Shane Paulger steps into the ring on quarantine issue
OUTSPOKEN and unapologetic Kenilworth dairy farmer Shane Paulger has stepped into the ring with the Queensland State Government over a quarantine issue he believes could ruin his reputation and livelihood.
Mr Paulger last week described the new battlefront as "very personal" and accused the Newman Government of "holding a grudge".
"I'm cannon fodder," he said. "They don't want any dissenting voice.
"They are more occupied with my status as a Katter's Australia Party candidate for the seat of Gympie. It is highly political."
The quarantine issue involves a cow on Mr Paulger's Kenilworth property which Queensland Biosecurity Unit suspects could be infected with Bovine Johne's Disease - a fatal wasting disease of cattle, goats, alpaca and deer.
Mr Paulger says numerous testing has cleared his herd of the disease and he wants quarantine status lifted.
The State Government, however, is not obliging, saying while Mr Paulger's farm retains "a trace forward cow", the farm must remain under quarantine.
The controversy began in April 2009, when two elite heifers were bought from leading Australian jersey stud Brunchilli at a record breaking sale held on a New South Wales farm.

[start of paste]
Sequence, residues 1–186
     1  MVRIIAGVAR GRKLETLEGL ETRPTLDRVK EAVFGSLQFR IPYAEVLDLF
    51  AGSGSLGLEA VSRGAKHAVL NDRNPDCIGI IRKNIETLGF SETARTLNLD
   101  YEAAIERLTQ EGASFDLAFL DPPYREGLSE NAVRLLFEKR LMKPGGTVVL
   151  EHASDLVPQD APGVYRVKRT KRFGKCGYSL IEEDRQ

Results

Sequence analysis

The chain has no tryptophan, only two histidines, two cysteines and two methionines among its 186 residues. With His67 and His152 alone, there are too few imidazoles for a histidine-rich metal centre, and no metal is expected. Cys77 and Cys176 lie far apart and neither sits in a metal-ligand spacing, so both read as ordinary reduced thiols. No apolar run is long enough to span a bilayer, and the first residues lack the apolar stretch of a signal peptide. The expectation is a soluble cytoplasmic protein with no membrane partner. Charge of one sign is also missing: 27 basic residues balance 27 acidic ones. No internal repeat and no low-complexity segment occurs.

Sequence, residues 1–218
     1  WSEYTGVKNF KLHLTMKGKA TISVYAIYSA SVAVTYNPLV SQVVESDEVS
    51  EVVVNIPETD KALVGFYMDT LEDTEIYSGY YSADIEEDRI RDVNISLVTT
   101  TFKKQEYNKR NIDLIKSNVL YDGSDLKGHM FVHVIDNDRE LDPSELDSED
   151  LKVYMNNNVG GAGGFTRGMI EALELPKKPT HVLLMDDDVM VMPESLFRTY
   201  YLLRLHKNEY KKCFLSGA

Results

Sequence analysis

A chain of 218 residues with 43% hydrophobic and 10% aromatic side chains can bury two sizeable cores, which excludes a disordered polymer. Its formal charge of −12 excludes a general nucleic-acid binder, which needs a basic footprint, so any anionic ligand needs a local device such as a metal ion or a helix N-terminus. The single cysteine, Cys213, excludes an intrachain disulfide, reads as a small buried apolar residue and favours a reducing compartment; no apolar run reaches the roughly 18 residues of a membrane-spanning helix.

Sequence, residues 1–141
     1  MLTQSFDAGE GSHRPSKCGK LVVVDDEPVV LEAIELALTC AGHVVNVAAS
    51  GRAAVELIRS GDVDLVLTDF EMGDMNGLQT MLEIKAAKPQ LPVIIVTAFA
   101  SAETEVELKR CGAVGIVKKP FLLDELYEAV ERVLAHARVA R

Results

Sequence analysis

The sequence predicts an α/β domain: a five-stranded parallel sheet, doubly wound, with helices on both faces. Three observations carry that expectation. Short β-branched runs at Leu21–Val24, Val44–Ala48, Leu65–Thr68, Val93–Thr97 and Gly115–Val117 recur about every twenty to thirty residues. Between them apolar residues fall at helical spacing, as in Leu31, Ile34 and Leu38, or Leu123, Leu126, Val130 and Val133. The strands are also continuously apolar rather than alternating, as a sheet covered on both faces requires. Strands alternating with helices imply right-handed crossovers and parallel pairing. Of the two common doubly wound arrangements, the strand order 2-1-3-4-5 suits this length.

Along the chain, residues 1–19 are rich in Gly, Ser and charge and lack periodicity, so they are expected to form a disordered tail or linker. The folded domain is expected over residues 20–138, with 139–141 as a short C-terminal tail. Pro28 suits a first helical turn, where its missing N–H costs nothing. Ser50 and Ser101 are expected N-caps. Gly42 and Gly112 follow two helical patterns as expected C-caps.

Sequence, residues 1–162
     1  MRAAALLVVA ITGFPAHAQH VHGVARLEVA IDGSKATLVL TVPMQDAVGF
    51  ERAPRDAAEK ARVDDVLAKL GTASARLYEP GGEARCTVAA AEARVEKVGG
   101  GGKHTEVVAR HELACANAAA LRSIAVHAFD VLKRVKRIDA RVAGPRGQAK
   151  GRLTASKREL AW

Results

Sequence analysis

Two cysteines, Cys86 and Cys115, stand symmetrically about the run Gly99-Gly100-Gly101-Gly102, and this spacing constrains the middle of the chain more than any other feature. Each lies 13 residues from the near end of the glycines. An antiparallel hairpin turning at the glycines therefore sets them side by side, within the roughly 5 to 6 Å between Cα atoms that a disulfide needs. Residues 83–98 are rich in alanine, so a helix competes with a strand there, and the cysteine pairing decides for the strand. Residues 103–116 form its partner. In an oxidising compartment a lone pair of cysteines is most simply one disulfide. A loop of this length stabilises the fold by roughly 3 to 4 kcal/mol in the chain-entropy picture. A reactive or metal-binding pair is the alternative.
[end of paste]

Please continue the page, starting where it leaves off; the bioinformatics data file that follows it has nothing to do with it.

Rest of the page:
Combined, Mr Paulger paid $25,000 for the daughter of the Supreme Champion Sydney Royal Dairy Cow and the only daughter of the one cow to ever win grand champion at the International Dairy Week in Tatura as junior champion.
Both heifers were introduced to the show circuit with outstanding results.
"To say these animals were outstanding would be an understatement," Mr Paulger said.
In June 2013, one of the heifers had to be euthanised following calving complications, leaving a single heifer.
On November 22, 2013, Queensland Biosecurity arrived at Mr Paulger's Adadale farm and him he was under immediate quarantine as the jersey stud providing both cows had sold a cow to Victoria testing positive to Bovine Johne's Disease. The sale meant Adadale was considered "suspect".
December 9, 2013, a cross section of 300 head of Mr Paulger's dairy milking herd was tested, following a 12-week incubation protocol.
"The trace-forward cow was declared negative," Mr Paulger said.
The Kenilworth farmer considered in April the following year sending the cow back to New South Wales despite the loss to Adadale.
Grappling with this decision, Mr Paulger received inconclusive test results on March 6, and was told further lab research was required.
"On May 16, at 3.30pm, I received a phone call from Dr Jonathan Lee, principal Veterinary Officer Biosecurity, saying test results all clear," Mr Paulger said.
"He states while we retain the trace forward cow, we will remain under quarantine.
"I told him this was not financially viable and ended the conversation."
Mr Paulger is at a loss to explain how his farm can remain under quarantine despite numerous test results clearing his herd.
"It's a bit like going through quarantine at the airport, being told you are clear and still not being allowed into the country," he said. "This is not about clean cows. It is about crushing Shane Paulger.
"This tarnishes my reputation, is hurting my business, has me worrying about the future and threatens two lifetimes of work establishing the Adadale brand.
"The tests say I am clear," Mr Paulger said.
There, he said, the issue should end.